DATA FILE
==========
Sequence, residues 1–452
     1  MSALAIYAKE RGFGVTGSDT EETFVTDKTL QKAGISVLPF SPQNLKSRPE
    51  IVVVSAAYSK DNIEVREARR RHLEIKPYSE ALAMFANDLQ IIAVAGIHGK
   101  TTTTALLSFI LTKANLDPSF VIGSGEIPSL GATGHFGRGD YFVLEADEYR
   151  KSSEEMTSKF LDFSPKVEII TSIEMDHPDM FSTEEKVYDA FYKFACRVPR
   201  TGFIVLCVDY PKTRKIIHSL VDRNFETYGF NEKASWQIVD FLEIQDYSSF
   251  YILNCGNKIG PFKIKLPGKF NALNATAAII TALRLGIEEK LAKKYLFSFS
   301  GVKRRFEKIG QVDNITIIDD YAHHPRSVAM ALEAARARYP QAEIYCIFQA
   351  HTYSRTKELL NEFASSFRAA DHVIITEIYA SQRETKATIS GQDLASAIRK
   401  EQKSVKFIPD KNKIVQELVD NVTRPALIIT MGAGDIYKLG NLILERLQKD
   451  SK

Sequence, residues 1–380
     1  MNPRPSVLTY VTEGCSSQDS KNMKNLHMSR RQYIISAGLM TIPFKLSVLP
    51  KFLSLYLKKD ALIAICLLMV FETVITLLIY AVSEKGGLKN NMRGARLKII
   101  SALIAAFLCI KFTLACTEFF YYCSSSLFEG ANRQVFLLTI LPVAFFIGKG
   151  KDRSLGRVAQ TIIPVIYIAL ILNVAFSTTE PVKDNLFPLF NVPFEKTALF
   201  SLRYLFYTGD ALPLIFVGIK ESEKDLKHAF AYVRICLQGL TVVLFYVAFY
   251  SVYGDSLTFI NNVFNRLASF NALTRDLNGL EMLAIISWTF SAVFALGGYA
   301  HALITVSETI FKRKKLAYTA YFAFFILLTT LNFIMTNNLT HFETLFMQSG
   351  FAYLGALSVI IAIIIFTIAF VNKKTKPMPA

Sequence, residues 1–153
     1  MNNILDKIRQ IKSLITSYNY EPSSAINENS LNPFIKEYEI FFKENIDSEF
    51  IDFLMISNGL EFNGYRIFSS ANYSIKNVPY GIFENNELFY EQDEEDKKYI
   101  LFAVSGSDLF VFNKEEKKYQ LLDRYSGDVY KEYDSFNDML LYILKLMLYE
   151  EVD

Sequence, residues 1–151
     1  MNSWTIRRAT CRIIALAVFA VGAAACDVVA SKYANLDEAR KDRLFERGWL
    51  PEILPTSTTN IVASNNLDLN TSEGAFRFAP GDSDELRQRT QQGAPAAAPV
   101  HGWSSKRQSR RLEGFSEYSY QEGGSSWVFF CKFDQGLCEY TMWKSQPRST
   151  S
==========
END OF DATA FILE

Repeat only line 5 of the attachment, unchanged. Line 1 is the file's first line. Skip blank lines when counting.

   151  KSSEEMTSKF LDFSPKVEII TSIEMDHPDM FSTEEKVYDA FYKFACRVPR